A new lawsuit has been filed against Peloton by a former Field Specialist employee in New York. The case, Sorin v. Peloton Interactive – 2:20-cv-05729, was filed in the Eastern District of New York on November 24th, 2020.
In the lawsuit, the employee is making two distinct claims against Peloton:
- Violation of New York Labor laws, related to frequency of pay. The lawsuit is seeking class action status over this claim.
- Religious Discrimination under Title VII of the Civil Rights Act of 1964
Below, we’ll look at the claims the lawsuit seems to be making against Peloton. However, just note that we are not lawyers – the following information is simply an attempt to report on what claims are being made in the lawsuit, as well as what the relevant laws claims are being made against.
Currently, both parties seem to have agreed to an extension of time to Peloton to respond to the suit (or to make an attempt to settle out of court). The new deadline for Peloton to respond would be January 29th, 2021. We will continue to report on this as more information becomes available.
Claim 1 – Violation of New York Labor Laws
The first part of this claim in the lawsuit is that Peloton paid the employee bi-weekly, instead of weekly, in violation of New York Labor laws. The specific claims (quoted below from the lawsuit) are:
- Plaintiff and Class Members are manual workers as defined by the New York Labor Law.
- Defendant was required to pay the Plaintiff and Class Members on a weekly basis, and no later than seven days after the end of the workweek in which the wages were earned.
- Defendant failed to pay the Plaintiff and Class Members on a weekly basis and instead paid Plaintiff and Class members bi-weekly or semi-monthly in violation of Labor Law 191
The employee filing the suit worked as a Field Specialist across different warehouses in New York, delivering bike to customers’ homes – as such they are protected by New York Labor laws. As a delivery/field specialist, the employee appears to be classified as a “manual worker”. Under New York Labor laws, there are specific rules related to pay and pay frequency.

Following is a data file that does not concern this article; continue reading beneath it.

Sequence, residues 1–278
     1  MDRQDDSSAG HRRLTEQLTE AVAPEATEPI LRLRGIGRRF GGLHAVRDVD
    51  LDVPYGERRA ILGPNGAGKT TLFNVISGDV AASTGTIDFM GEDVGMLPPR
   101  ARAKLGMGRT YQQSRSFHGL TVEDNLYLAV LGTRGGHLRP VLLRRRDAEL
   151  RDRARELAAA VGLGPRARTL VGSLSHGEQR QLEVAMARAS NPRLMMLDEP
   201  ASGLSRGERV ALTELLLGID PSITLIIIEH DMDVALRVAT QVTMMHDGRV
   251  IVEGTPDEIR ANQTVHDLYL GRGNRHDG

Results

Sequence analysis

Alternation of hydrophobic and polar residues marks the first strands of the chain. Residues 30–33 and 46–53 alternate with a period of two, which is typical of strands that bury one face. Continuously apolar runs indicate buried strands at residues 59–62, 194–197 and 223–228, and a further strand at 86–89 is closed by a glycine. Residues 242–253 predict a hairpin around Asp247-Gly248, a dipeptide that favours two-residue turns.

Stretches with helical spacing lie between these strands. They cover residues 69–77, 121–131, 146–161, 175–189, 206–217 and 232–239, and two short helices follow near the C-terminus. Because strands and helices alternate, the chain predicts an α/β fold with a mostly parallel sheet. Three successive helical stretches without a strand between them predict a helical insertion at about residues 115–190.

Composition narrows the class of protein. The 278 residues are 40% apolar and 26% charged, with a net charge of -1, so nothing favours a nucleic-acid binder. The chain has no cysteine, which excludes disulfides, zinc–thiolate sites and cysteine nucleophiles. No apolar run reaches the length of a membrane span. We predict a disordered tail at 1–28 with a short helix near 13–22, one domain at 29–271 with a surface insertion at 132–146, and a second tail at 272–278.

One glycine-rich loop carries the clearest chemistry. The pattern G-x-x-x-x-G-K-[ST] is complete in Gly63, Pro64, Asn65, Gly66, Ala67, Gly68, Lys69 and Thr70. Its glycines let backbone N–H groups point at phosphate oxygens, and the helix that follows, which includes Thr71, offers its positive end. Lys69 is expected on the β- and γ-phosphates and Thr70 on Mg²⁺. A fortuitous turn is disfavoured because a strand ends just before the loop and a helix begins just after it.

New York Labor law section 191 states that manual workers should be paid “on a weekly basis and not later than seven calendar days after the end of the week in which the wages are earned”. It goes on carve out an exception for employers who have employed more than 1,000 people in the state (which Peloton would fall under), allowing them to “pay less frequently than weekly but not less frequently than semi-monthly if the employer furnishes satisfactory proof to the commissioner of its continuing ability to meet its payroll responsibilities”. It is stipulated that these employees for these companies “shall be paid in accordance with the agreed terms of employment”
However, the second part of the claim in the lawsuit states that Peloton “failed to provide Plaintiff with notice of his wage rate and the basis of his pay upon hire as required by New York Labor Law” section 195. Section 195 of the New York Labor Law has a stipulation requiring that employers: